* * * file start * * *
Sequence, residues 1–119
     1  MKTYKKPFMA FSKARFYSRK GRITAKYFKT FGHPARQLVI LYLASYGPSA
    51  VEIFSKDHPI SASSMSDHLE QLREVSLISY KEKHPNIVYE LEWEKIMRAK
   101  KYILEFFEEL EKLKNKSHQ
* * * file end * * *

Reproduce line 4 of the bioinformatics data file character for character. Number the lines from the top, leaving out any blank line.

   101  KYILEFFEEL EKLKNKSHQ